I hope you feel as grateful to
Have a life of love and beauty.
Let’s look upon enjoying it
As a kind of welcome duty.

Go to the park with me
Like a loving Jack and Jill.
Let’s make our memories here
In this park, on this hill.
I ran the risk of this seeming to be only for city folk, but I know from small town life, we had parks there too. So, enjoy!
The Wordsmith Jul 2015
He was born with a builder's hands,
But has a poet's heart,
In reality he is a slave,
But in his mind he is free,
The shackles, they bind him to these lands,
They exist, but they are not for us to see,
For they are mental constraints, and they cannot be shaken loose.
But there is freedom in all things, even in slavery,
We cannot see this though. He can.
He's different from us. Where we see endings and walls, he sees milestones,
Who is this man, who will wait for the night, till the cold claims his bones?
Who is this man, who prefers the night to the day for it bears the audience of the stars?
Who is this man, who knows not the art of speech, but makes men cry with his words?
Who is this man, who gazes upon a girl and sees not a girl, but a universe and perfection?
Who is this smith who craft's blades strong but forges hearts adamantine?
He is a wordsmith.
Maggie Emmett Nov 2014
There walks no Daphnis with his mournful song
Blinded by the vengeful nymph, whose love was unrequited
He does not wander in the hills above this place
Playing his pipe and singing of his sadness
Aphrodite can punish him no more
For he is gone to the quiet land of shadows
Taken by Hermes, herald and messenger
Of the mightiest of gods, to cross the river Styx
His soul guided by his father’s loving hand,
to Hades and the final still of time and season.

In the quartz sculpted gorge, beneath the waterfall
Naiads lithe and languorous once bathed
Alabaster skinned, in the crystal brook
Auburn ringlet tresses were shaken free
When they stepped among the mossy rocks and ferns
Their peachy cheeks flushed vital rose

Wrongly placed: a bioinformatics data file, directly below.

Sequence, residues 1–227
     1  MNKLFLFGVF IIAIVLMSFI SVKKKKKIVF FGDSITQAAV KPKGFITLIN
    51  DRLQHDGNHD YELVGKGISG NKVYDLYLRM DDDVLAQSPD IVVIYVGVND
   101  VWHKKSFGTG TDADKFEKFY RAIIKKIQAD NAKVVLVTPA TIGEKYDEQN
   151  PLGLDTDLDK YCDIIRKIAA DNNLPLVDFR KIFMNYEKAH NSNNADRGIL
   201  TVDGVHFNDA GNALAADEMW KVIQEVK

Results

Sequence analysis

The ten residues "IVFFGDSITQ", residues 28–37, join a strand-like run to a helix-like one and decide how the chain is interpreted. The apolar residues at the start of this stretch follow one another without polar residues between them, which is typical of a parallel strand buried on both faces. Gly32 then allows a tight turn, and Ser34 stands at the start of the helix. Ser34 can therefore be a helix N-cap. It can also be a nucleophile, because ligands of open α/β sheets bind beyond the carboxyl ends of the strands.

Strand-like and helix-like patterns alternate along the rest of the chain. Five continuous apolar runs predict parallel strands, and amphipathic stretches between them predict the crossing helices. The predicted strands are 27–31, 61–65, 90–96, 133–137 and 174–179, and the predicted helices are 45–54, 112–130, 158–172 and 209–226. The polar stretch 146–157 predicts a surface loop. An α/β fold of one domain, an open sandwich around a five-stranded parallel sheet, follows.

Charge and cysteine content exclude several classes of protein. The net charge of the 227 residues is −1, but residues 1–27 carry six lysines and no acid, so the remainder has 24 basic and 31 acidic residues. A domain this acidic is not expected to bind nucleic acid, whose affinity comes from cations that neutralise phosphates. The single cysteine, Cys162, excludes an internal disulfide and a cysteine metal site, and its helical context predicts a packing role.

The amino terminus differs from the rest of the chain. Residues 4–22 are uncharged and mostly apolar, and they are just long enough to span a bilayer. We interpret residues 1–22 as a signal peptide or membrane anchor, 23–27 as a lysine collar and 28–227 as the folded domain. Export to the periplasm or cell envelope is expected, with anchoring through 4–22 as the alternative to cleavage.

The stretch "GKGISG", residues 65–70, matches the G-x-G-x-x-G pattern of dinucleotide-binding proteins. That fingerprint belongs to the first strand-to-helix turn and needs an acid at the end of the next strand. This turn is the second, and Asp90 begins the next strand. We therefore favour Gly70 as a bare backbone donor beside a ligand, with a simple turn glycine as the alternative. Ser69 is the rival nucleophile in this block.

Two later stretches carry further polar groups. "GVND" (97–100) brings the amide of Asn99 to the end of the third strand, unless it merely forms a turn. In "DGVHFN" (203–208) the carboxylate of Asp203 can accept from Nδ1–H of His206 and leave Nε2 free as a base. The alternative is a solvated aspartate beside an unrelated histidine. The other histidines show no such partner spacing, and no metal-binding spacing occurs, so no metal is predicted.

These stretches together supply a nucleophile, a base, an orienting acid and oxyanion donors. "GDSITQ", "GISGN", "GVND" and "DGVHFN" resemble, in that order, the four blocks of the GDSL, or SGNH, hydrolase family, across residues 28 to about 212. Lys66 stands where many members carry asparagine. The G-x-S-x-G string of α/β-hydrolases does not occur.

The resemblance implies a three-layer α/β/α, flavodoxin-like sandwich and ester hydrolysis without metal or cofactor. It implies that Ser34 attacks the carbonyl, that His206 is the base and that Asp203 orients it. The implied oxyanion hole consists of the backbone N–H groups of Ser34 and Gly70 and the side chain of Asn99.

Their strawberry ******* raised and glistening
Their teasing laughter that once echoed in these dales
Through verdant pastures and the bluebelled wood
Is heard no more, for they have passed into memory.

It is silent now, the Jackals are not howling
The threat of Wolves and Lions gone
This pastoral world of goatherds pining
Is but a world of dust and dreams.
This poem was written for an Idyll section competition. It was first published in Yellow Moon Issue 17, Winter 2005; p.39.
It uses all the traditional Greek images with a little twist or two.
Gaby Lemin May 2014
The  eerie warmth that comes with the calm before.
The unnerving shade of black that only clouds can claim.
The heat that rises from tarmac on empty, open roads.
The scent of petrichor from the passing of earlier rain.
The first rumble starts somewhere unknown and distant.
The suggestion, an omen, of the beginning of an end.
The first drop of rainfall from another night of storms.
The thunder waking creatures from their beds.
The sounds increase slowly as time crawls and passes.
The night is young and roars keep rolling in.
The dark, as such, so early in the evening.
The set of warm goosebumps rising over skin.
The colour of the sunset behind their eyelids.
The blood of Gods is soaking up their breaths.
The momentary post apocalyptic sense of living.
The moody skies catalyse thoughts of untimely deaths.  
The passing of the clouds seems dangerously fast.
The growls now thick and boisterous, vehement and clear .
The dust that whips past legs and arms and faces.
The shelter is no barrier for the splitting of an ear.
The tranquillity of standing up in air now still.
The peace of opportunity to look over horizons.
The aftermath of rain and wind and thunder.
The silence of one mind becoming enlightened.
I like thunder storms.

— The End —